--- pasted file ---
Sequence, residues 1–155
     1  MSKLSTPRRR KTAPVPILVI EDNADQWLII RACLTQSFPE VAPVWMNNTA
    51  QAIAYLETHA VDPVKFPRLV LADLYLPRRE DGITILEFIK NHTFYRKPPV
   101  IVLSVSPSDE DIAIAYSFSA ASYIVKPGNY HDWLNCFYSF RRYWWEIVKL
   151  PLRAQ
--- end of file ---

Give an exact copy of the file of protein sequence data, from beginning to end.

Sequence, residues 1–155
     1  MSKLSTPRRR KTAPVPILVI EDNADQWLII RACLTQSFPE VAPVWMNNTA
    51  QAIAYLETHA VDPVKFPRLV LADLYLPRRE DGITILEFIK NHTFYRKPPV
   101  IVLSVSPSDE DIAIAYSFSA ASYIVKPGNY HDWLNCFYSF RRYWWEIVKL
   151  PLRAQ